FiftyRefugees: Stories of Refugees in Malaysia

by Aris Oziar

For the past three months I have been working on a
website project called FiftyRefugees.  As the name implies, it chronicles the
story of 50 refugees who currently call Malaysia their home.

Malaysia does not recognise the Geneva Refugee Convention, and partly as a
result of this (we have other legal avenues to give them rights, such as IMM13
but the government has refused to act), Refugees in Malaysia who cross the
border illegally or whose visa has lapsed are classified as Illegal Immigrants,
subject to arrest and detention by the police, RELA and Immigration.
 They have restricted access to healthcare services and the children cannot go to
government schools, effectively denying them education.

As a Malaysian, I am outraged to hear their stories of Malaysia – 3
years of detention or living in makeshift jungle camps / jungle due to fear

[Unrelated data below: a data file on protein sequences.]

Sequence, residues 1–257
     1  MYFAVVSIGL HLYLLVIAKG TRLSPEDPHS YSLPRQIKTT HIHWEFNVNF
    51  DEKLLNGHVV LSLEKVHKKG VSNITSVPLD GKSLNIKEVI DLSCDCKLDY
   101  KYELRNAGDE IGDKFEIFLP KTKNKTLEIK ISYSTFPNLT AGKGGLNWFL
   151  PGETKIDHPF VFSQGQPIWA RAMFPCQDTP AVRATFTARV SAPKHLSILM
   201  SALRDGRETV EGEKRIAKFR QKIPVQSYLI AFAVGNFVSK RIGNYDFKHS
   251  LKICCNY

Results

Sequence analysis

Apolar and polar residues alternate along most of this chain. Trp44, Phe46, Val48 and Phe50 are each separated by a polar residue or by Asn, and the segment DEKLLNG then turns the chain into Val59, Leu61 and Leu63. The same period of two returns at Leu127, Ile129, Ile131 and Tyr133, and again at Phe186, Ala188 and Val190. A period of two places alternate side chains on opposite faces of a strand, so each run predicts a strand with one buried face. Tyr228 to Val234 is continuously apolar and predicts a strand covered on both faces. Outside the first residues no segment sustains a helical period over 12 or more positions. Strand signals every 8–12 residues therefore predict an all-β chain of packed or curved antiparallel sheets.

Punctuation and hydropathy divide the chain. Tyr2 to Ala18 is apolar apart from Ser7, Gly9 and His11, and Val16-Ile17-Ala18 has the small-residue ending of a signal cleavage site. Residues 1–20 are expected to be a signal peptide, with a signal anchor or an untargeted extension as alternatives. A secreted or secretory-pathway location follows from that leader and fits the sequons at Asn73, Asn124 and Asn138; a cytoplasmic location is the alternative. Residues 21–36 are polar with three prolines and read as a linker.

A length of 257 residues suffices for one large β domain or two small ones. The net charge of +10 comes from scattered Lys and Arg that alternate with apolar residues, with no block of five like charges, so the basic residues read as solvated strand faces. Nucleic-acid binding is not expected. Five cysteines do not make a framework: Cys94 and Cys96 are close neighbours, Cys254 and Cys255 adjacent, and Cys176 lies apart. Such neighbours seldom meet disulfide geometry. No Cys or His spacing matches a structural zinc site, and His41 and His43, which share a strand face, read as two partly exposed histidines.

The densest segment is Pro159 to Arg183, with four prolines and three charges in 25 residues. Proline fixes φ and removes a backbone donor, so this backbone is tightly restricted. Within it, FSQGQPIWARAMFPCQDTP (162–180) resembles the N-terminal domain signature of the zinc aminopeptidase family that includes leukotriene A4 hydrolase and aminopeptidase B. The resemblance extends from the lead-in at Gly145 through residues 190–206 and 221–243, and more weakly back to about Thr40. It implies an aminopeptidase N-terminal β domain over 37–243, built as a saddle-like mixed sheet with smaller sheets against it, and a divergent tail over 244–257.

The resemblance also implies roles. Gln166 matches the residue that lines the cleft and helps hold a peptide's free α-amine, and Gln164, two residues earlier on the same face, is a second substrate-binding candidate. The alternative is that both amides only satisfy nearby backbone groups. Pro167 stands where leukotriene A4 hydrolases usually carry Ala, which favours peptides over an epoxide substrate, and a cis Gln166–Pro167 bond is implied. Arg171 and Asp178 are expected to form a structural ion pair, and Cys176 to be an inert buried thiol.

of arrest.  Stories of a 6 year old girl whose last visit to town was 4 years
ago (the mother is too afraid to bring her out), and her 55 year old father who
eventually died because the police took all their money the one time they were
desperate enough to go to the hospital to treat his illness. And of course, of
the Malaysian immigration authorities dumping them across the border in
Thailand, where they are rounded up by agents and either pay these agents to
get back to Malaysia , or face slave labour – the men in fishing boats and the
women, probably sold to the sex trade.

I want people to know that refugees do exist in Malaysia .  To know that they
braved a dangerous journey to Malaysia  to escape atrocities in their own
country.  To know that most of them live a marginal life, often exploited,
almost always in fear.

http://fiftyrefugees.wordpress.com/

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1 Comment

Filed under documents, multimedia, research, vox populi

One response to “FiftyRefugees: Stories of Refugees in Malaysia

  1. Dan Robinson

    I was very impressed with your story on fiftyrefugees. I was extremely touched by the story of “Wah Wah”.

    I can’t help very many or very much, but I would like to send a small sum that would benefit this girl and her mother directly.

    I would be grateful if you could help us to establish contact.

    Best Regards,

    Dan

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